Celebrate Good Times, not Bad with Kodomobanpaku

Kodomobanpaku is a movie that offers a a genuine look at giving kids the space they need to learn, grow up, and be themselves.

KodomobanpakuWhen life in Japan gets too stressful, perhaps all anyone can do is the Kodomobanpaku (こどもばんく). This wonderful Japanese drama by Norikazu Oda shows what children can do when life gets them down, and they’re wanting to do something about it. Instead of grieving, they want to escape by being at a fun spring festival. In this film’s case, it marked the start of the online portion of the Los Angeles Asian Pacific Film Festival.

In Izumi Morishita’s (Asumi Momoha) case, it’s in getting such a show to happen for their little town. This event is organised by tweens for tweens. She and her best friend Yuri have been watching Yuzu (Yun Kosugi)’s video blogs of him playing guitar and singing. I suspect there’s puppy love going on too.

When she discovers Yuzu (Yun Kosugi) is now attending her school, she’s excited. The day prior, she learned he’s no longer able to upload new music videos because he revealed his family is moving. Since she has this event in the works, the young girl asks if he can headline.

The rest of the film is about them raising money (via crowdfunding) to pay for the necessities of running Kodomobanpaku (children’s festival). Izumi can’t do it alone, and thankfully her older brother is able to assist. But they have to recruit the talents.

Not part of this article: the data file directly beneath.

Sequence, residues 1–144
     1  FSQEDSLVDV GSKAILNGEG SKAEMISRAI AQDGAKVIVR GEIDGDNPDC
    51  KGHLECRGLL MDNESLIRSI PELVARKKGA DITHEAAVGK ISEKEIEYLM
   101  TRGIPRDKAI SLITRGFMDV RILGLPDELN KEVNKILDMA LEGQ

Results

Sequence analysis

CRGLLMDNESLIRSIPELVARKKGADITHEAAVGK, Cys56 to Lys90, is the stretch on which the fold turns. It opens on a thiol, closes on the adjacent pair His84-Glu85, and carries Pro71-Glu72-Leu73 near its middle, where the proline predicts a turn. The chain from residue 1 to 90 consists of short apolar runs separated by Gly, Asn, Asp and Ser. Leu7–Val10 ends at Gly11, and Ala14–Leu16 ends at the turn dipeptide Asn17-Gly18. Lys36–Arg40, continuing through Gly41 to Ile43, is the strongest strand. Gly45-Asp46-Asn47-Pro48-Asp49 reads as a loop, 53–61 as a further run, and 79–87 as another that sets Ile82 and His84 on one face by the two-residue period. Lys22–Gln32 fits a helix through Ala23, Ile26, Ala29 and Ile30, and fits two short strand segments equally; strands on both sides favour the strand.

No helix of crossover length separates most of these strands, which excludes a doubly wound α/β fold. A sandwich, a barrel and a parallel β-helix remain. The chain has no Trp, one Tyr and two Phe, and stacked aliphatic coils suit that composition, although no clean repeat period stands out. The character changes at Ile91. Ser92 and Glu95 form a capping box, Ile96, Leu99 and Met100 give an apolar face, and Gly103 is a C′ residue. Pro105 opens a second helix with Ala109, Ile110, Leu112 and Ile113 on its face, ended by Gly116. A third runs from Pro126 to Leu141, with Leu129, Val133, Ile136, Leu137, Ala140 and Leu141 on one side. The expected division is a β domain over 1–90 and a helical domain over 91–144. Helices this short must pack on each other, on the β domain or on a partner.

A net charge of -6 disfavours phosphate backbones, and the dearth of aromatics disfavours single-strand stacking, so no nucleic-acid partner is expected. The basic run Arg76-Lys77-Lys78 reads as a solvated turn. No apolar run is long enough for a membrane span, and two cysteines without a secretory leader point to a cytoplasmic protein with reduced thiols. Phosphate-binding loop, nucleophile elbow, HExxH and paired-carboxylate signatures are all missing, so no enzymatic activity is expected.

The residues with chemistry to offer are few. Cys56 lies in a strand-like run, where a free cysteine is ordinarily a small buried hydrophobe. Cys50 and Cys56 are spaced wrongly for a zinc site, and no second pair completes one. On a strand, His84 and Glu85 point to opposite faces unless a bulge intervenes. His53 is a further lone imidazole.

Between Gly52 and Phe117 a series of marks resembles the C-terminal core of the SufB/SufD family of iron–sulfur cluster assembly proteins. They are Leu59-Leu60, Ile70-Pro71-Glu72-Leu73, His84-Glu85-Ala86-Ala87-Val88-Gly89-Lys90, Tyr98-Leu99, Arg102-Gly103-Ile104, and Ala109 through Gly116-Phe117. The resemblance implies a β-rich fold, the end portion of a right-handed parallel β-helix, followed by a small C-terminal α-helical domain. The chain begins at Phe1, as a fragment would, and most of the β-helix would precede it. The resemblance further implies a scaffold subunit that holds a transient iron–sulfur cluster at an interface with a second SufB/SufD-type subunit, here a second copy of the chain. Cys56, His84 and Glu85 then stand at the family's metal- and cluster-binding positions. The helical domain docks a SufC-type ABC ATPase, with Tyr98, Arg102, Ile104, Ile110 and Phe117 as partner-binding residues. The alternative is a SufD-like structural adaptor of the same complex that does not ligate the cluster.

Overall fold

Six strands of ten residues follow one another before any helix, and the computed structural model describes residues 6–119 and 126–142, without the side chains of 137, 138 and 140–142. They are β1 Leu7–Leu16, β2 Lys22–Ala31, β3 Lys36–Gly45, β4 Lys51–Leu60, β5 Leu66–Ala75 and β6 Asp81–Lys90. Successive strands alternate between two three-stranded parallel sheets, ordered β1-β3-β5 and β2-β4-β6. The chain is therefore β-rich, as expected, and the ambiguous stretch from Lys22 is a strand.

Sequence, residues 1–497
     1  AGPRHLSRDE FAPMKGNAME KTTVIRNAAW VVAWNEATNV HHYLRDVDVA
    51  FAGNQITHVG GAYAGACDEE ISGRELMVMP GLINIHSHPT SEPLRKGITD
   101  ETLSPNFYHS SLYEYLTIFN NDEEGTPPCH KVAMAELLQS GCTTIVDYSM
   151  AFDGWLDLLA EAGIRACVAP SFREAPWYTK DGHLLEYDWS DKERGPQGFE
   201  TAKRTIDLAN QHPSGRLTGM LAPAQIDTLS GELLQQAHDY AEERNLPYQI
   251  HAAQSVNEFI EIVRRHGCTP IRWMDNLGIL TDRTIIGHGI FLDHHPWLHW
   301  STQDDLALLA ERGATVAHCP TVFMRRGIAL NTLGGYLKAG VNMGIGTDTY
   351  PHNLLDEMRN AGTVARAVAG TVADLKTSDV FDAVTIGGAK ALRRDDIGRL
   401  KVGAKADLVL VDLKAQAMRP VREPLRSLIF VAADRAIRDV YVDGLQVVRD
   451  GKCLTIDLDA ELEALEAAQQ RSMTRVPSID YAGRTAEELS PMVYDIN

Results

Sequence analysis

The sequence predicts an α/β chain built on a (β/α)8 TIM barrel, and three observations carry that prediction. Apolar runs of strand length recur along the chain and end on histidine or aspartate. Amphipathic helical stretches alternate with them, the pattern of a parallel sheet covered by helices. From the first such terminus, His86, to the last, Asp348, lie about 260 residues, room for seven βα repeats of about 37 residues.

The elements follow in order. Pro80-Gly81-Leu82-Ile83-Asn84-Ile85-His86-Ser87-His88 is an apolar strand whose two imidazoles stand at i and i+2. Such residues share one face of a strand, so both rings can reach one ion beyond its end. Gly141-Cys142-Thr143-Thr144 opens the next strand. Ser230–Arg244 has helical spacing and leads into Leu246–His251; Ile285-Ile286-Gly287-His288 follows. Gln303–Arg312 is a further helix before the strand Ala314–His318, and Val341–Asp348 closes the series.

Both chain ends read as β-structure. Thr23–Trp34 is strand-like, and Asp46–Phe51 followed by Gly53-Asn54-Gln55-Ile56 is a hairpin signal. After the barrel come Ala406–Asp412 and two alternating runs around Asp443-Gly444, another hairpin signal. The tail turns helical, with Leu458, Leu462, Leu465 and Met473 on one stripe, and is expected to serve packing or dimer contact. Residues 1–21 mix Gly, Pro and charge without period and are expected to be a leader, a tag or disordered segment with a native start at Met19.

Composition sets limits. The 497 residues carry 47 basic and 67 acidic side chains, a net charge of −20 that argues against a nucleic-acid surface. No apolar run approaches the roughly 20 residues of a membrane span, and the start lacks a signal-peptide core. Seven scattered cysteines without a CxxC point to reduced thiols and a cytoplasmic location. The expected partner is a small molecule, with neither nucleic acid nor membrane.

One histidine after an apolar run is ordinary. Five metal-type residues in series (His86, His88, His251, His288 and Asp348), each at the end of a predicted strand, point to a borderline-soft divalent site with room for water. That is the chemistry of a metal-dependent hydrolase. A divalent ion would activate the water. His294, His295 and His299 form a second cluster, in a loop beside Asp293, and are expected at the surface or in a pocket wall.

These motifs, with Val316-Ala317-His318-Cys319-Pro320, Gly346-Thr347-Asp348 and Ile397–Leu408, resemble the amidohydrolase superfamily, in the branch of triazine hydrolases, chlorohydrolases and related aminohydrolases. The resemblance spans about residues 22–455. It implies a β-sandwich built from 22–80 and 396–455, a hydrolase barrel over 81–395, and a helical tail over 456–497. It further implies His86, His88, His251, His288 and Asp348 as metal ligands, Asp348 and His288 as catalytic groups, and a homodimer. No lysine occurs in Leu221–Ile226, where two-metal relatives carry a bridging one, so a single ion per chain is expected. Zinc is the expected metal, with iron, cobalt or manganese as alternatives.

Being a young social influencer is very tough in an age where TikTok is available. It’s not like the days of television comedies about them with shows like iCarly (old and new) and the silly pranks pulled. We get a quick peek into this subculture from a Japanese perspective, and the scarier side is just that; thankfully, it’s not explored but acknowledged.

Instead, Kodomobanpaku feels like a genuine look at giving kids the space they need to learn, grow up, and be themselves. When parents shelter their kids too much, the result may not be for the better. The hurdles these girls face are scary. I was glad to see them deal with the pressures with grace and humility, since they really want to succeed. They even help Yuzu break past his own insecurities, and deal with a mother who’s been holding him back.

The little musical moments inspire and touch the heart since it defines the heart of this film. Like a certain song from The Beatles, all any success story needs is that support, With a Little Help From their (than my) Friends, to achieve success.

4 Stars out of 5

Author: Ed Sum

I'm a freelance videographer and entertainment journalist (Absolute Underground Magazine, Two Hungry Blokes, and Otaku no Culture) with a wide range of interests. From archaeology to popular culture to paranormal studies, there's no stone unturned. Digging for the past and embracing "The Future" is my mantra.

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